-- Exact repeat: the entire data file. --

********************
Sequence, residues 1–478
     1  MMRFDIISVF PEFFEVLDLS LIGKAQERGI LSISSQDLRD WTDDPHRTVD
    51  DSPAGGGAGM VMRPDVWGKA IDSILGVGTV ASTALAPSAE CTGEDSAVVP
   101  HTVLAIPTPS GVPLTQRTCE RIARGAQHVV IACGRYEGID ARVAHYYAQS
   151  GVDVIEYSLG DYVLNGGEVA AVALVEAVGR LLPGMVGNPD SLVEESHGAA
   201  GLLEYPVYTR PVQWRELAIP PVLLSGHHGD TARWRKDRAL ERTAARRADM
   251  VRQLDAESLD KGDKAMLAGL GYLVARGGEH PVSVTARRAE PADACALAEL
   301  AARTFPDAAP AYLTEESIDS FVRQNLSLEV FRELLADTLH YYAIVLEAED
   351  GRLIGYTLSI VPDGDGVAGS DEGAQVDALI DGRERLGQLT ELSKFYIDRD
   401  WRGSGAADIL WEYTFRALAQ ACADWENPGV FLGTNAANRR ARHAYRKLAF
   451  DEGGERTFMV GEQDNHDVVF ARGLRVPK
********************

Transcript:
Sequence, residues 1–478
     1  MMRFDIISVF PEFFEVLDLS LIGKAQERGI LSISSQDLRD WTDDPHRTVD
    51  DSPAGGGAGM VMRPDVWGKA IDSILGVGTV ASTALAPSAE CTGEDSAVVP
   101  HTVLAIPTPS GVPLTQRTCE RIARGAQHVV IACGRYEGID ARVAHYYAQS
   151  GVDVIEYSLG DYVLNGGEVA AVALVEAVGR LLPGMVGNPD SLVEESHGAA
   201  GLLEYPVYTR PVQWRELAIP PVLLSGHHGD TARWRKDRAL ERTAARRADM
   251  VRQLDAESLD KGDKAMLAGL GYLVARGGEH PVSVTARRAE PADACALAEL
   301  AARTFPDAAP AYLTEESIDS FVRQNLSLEV FRELLADTLH YYAIVLEAED
   351  GRLIGYTLSI VPDGDGVAGS DEGAQVDALI DGRERLGQLT ELSKFYIDRD
   401  WRGSGAADIL WEYTFRALAQ ACADWENPGV FLGTNAANRR ARHAYRKLAF
   451  DEGGERTFMV GEQDNHDVVF ARGLRVPK